David Howard

Howard’s work has been awarded nearly 20 patents.

Photo courtesy of NASA Technology Transfer Program

University of Alabama at Huntsville (UAH) alumnus David E. Howard has been inducted into the NASA Technology Transfer Program’s Inventors Hall of Fame (IHOF).

Howard worked as a civil servant for NASA at Marshall Space Flight Center (MSFC) for 34 years until his retirement in 2014. He currently holds a contractor position with Jacobs Engineering Group, Inc. as an Engineering Specialist II.

Sporting a Bachelor of Science in Engineering, with a focus in Electrical Engineering, as well as a Master of Science in Engineering, with a focus on Control Engineering, both from UAH, the inventor says he has been attracted to working with technology ever since his earliest days in school.

“Electronics and mathematics had always interested me, so it seemed like a pretty good fit,” Howard says. “After graduating from UAH, I started working for NASA, and I have worked for them ever since, either as a civil servant or a contractor.”

Howard’s inventions range from instrument and motor controls and signal conditioning electronics, to projects that have provided numerous benefits to critical NASA missions, such as electromechanical actuators for thrust vector control for the International Space Station (ISS).

“I have been fortunate through the years to support a number of flight hardware programs that I was able to see through the inception, design, manufacturing, testing and flight support,” Howard says. “Several of these designs were part of the Environmental Control and Life Support System (ECLSS) for the International Space Station.”

The inventor’s ingenuity has supported everything from microgravity experiments and Differential Ion Flux Probes, to the Fast Affordable Science and Technology Satellite, and his projects have garnered nearly 20 patents. With a track record for this kind of innovation and success, you might wonder if he ever pauses to reflect on his achievements?

“Not really,” Howard says. “They were more of a result or byproduct of the good fortune I had in having a lot of hands-on hardware design projects that were of short enough duration in time that I could see them from inception all the way to flight. The patents were just a byproduct of the work.”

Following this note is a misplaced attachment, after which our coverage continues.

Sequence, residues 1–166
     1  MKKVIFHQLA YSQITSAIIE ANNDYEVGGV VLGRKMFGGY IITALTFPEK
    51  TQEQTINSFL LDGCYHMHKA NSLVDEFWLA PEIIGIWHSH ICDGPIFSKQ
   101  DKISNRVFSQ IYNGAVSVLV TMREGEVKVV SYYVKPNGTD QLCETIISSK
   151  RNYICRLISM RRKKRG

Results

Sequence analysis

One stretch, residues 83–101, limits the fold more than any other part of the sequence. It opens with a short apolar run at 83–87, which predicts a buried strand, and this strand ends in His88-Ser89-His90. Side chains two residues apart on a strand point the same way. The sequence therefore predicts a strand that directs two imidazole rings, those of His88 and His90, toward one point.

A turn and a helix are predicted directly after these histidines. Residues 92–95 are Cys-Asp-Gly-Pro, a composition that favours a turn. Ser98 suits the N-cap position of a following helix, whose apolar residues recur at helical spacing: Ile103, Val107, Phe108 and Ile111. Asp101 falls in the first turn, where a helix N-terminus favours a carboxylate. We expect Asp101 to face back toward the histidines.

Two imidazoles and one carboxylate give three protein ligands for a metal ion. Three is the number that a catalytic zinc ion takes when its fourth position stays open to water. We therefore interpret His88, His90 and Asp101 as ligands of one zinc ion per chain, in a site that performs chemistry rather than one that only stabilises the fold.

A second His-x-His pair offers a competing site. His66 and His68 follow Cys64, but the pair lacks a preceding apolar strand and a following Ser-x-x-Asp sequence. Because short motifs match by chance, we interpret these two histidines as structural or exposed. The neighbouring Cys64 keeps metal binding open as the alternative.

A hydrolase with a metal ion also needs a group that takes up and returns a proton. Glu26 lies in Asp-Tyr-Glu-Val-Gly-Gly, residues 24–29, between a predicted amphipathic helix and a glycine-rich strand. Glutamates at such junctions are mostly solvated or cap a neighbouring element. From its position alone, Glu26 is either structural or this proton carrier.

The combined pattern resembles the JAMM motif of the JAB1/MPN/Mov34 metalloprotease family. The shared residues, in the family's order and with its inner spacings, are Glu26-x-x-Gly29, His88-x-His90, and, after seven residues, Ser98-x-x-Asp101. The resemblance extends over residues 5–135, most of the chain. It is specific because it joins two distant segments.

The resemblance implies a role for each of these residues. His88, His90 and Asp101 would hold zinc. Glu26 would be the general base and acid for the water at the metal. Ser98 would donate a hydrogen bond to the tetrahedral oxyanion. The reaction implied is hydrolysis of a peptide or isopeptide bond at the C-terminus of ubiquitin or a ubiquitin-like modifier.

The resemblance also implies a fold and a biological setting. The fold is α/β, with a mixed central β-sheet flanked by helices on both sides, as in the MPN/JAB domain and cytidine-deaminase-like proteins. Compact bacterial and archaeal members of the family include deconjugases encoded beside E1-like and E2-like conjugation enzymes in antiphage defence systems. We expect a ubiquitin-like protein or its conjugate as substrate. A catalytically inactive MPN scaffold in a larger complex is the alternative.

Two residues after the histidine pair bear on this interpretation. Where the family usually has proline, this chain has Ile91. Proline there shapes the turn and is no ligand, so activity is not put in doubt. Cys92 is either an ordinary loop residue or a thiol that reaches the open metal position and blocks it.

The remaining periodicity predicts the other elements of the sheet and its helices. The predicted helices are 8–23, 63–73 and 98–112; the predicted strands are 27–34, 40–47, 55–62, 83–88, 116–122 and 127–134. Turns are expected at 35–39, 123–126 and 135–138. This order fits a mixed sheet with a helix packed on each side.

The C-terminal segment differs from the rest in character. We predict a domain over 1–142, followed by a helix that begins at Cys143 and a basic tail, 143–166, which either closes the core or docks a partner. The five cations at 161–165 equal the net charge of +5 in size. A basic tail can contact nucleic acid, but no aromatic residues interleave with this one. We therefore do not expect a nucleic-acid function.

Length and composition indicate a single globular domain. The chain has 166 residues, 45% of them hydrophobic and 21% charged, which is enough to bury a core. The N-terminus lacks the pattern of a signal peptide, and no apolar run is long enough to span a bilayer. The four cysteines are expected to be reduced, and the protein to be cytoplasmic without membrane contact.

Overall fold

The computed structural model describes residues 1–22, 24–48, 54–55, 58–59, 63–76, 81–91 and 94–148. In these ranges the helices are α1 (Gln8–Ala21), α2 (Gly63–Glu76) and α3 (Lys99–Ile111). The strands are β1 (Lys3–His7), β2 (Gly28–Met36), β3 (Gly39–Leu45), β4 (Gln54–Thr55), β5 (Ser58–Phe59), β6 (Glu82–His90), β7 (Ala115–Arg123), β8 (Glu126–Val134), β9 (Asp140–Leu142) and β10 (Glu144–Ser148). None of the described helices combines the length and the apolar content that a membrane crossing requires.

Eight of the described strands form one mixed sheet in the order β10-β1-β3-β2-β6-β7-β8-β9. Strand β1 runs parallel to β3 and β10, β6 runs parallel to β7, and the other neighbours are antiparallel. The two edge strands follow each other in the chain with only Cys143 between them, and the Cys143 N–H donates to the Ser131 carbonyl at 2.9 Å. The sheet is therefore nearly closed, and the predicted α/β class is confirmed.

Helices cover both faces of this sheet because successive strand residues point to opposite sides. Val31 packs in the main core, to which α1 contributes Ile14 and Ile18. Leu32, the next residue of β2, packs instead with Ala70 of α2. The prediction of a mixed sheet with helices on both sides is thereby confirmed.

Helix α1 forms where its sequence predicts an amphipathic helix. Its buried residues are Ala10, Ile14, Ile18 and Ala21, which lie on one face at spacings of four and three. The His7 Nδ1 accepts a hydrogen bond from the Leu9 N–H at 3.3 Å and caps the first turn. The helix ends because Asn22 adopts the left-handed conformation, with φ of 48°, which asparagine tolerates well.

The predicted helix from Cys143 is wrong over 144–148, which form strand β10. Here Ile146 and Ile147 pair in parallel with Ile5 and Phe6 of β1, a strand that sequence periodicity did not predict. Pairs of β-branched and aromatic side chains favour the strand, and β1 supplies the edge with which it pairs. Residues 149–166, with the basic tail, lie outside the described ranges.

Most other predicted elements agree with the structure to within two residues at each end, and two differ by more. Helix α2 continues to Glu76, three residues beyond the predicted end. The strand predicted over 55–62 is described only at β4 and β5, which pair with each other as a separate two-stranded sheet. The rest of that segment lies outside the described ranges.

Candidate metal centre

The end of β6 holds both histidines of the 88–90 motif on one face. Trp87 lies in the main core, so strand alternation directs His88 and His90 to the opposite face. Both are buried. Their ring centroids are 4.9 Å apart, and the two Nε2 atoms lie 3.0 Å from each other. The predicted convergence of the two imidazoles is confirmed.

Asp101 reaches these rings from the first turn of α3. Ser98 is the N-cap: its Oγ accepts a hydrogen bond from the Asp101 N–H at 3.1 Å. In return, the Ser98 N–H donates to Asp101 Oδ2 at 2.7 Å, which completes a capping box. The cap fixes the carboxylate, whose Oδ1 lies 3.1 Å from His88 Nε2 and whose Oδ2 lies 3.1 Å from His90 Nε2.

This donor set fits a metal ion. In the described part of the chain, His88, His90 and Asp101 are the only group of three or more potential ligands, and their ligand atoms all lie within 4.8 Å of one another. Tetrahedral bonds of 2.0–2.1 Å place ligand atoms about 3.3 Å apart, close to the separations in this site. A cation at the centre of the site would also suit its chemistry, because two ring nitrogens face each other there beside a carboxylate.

The inventor found his true niche to be in supporting a special type of “cradle to grave” project that enabled his talents to thrive: “Being able to work on relatively small programs that enabled me to see the inception, design, build, testing and flight support of many projects through the years,” Howard notes.

Always one to focus on the task at hand, he ultimately came to realize that a number of these advances in technology were worthy of official registration.

“About 10 years into my career I saw that some of the things we were working on were probably patentable, so I begin to submit them as New Technology through the Technology Transfer Office and the Patent office,” he says. “Prior to that I had not really thought of myself as an inventor, and I still do not really consider myself an inventor, as much as a designer where innovation has been byproduct of the design work.”

Howard found the patent process reaped benefits, even when a design was not eventually patented.

“At MSFC the process was to submit a written description of the technology to the Technology Transfer Group and to the Legal Office,” he explains. “I found this to be a great way to document the design, even if it turned out to not be patentable. From there, the legal office made a decision on whether to pursue a patent or not. We would work with the patent attorney to write and defend the technology.”

Howard points out that patience is required to make it to the finish line with new technology. “The process often took at least a couple of years,” he says.

With his election to the IHOF, Howard joins an exclusive “club” that boasts a number of legendary aerospace figures as members, among them Dr. Wernher Von Braun. How does it feel to be in such select company?

“I haven’t really thought much about it,” he says. “Wernher Von Braun and others like him were true pioneers and innovators in the U.S. space program. On the other hand, I am a design engineer that was fortunate enough to receive some patents as a byproduct of the work I was given the opportunity to do.”

The inventor recognizes certain people who were much closer at hand that have inspired him along the way.

“Probably the mentor that encouraged me and mentored me the most to be an inventor was Frank J. Nola,” he says. “He mentored me in design and technology during the first 15 years of my career. Dean Alhorn and Dennis Smith were peers and co-inventors that worked with me for many years and were influential in my career.”

It was Nola who helped Howard pursue projects that involved Control Engineering in particular. “When I begin my career, I worked with [Nola] on several projects that dealt with motor controls. This really interested me, how you could design electronics to make motors perform in various ways, such as saving power, turning mechanisms at one revolution per day, controlling engines on the Space Shuttle, etc.”

Howard is currently investigating the development of things like signal conditioning and control electronics for projects such as Four Bed CO2 Scrubber technology, as well as a Purge Pump Separator Assembly, both for use on the ISS.

Asked if there is any invention, patent or idea that he is especially pleased to have created, the inventor gives an answer characteristic of the modesty and drive of a man more interested in continually looking to the future and a new crop of “brain children.”

“I thought there were a few a little more innovative than others, but none that really stands out to me.”


David E. Howard

Russ Nelson